In your discussion-topic paper, identify the page number of the passage you are writing about and then explain what caught your interest and why, your impressions of what’s being conveyed, and even if you are only trying to understand something confusing about a passage and would like to raise questions about it to follow up on later in class. Write informally, there being no rigid structure to follow, and write in a conversational style appropriate for academic communication, i.e., no cursing, slang, texting shortcuts, emoji, etc. So, despite the informality, do write with a sense of logical purpose and concentration, communicating clearly, precisely, and effectively in standard English prose. I’ll see how you fare with this Monday’s batch, and, as needed, will provide further instructions to the group or to individuals. 

  1. 2. Part 2, chapter VII, page 253-278

Chapter seven starts a new turmoil on the protagonist Raskolnikov as he is reminded of his own accident when he sees the incident that happens to Marmeladoy. Here it is very interesting to note that Raskolnikov’s compassion overshadows his other selfish worldly desires as he helps the man and even pays him money to help Katerina. This part is highly important as it reveals that even though Raskolnikov is a murderer but despite that, he is compassionate and is actually very tender from the inside as he despite being in an economically hard position, still helps the poor family out and from the money that his mother gave him for his own expense. This part humanizes Raskolnikov’s character and strengthens it by adding dimensions and showing that he is not just a heartless being but is actually far more than that.

This also reveals a universal message that the author Dostoyevsky wanted to convey to his writers that humans are not simple beings who are merely good or bad but are profoundly complex in their behaviors, values, thoughts and ultimately actions as well. For instance, the protagonist can make sense of the murder he committed but cannot face seeing the suffering of another human being.

The metaphorical importance of the part when Raskolnikov is drenched with blood while aiding Marmeladov is very significant. It is important because it draws interesting parallels between the blood that granted him a moral dilemma and the blood that gave him life in a way. The former being the blood on his hands from the murder of Alyona and the latter being when he decides to commit to an extremely good deed that brings back life to him to an extent.

The dialogue, “Life is real! haven’t I lived just now? My life has not yet died with that old woman!” reveals these feelings of his and convey the recurring theme of the dual nature of a human being who is a combination of both good and bad.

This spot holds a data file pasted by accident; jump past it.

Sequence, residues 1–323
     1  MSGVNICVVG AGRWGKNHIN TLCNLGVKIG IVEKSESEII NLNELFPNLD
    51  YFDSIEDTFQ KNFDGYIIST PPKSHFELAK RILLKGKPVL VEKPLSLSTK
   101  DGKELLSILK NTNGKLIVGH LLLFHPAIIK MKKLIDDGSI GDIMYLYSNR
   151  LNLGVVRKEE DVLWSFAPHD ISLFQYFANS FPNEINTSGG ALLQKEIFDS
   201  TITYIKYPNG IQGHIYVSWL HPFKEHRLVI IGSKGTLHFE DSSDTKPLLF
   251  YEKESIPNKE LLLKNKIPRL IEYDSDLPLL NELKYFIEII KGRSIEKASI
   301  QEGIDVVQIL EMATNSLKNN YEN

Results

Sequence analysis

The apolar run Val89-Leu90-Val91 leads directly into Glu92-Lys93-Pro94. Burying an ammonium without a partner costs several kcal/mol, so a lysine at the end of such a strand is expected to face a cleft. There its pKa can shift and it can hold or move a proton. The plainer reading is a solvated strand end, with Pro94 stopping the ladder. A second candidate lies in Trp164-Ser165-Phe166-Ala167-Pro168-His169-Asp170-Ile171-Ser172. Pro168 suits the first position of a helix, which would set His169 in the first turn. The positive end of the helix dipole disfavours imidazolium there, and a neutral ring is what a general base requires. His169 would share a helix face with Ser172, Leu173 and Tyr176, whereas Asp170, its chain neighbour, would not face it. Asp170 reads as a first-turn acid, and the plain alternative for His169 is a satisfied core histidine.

The ending of part two is important as the surprise visit from Raskolnikov’s mother and sister overwhelm him so much that he faints.

  1. Part IV, page 397-506

Part four reveals the protagonist’s views on religion and familial ties. This part brings with itself uncertainty for Raskolnikov as he cannot differentiate if he is dreaming or not because his sense of morality has clouded his reality of the world. This part plays a crucial role in developing the character of the protagonist as despite the fact that he leaves his family, mother and sister behind, he asks his trusted Razumikhin to take care of them in his absence. This shows that the protagonist Is actually sincere from the inside but still has some weak spots and it is this dual nature of the character that makes him realistic and this portrayal is possible thorough the genius of Dostoyevsky’s writing.

It is important to note that this part also marks the redemption of Raskolnikov as he leaves his family behind and goes to visit Sonya. Although this part shows us that Raskolnikov mocks Sonya’s faith but it must be kept in mind that what marks his character arch towards redemption is his absolute choice to go in the first place. He makes fun of Sonya’s faith because he does not really understand it. His condescending bahavior is also eveident when he talks to Porfiry but this exchange also reveals the protagonist’s inner change towards finding the path of change, towards salvation and redemption. Despite feeling superior in the starting conversations, his tone changes when he realizes that Porfiry knows much more than him and thus his air of superiority sheds.

It is when Nikolai discloses the fact that he brought about the murder, Raskolnikov understand what really is happening that Porfiry might be intellectually superior than him, but they have no solid evidence against him in the role he played in carrying out the murder of the old lady Ivanovna. This changes Raskolnikov’s behavior again but it must be acknowledged that this is the first time his character broke and hence although it might not be one hundred percent evident that Raskolnikov has redeemed himself, he definitely begun his journey towards a better path or at least had a glimpse of the right path.


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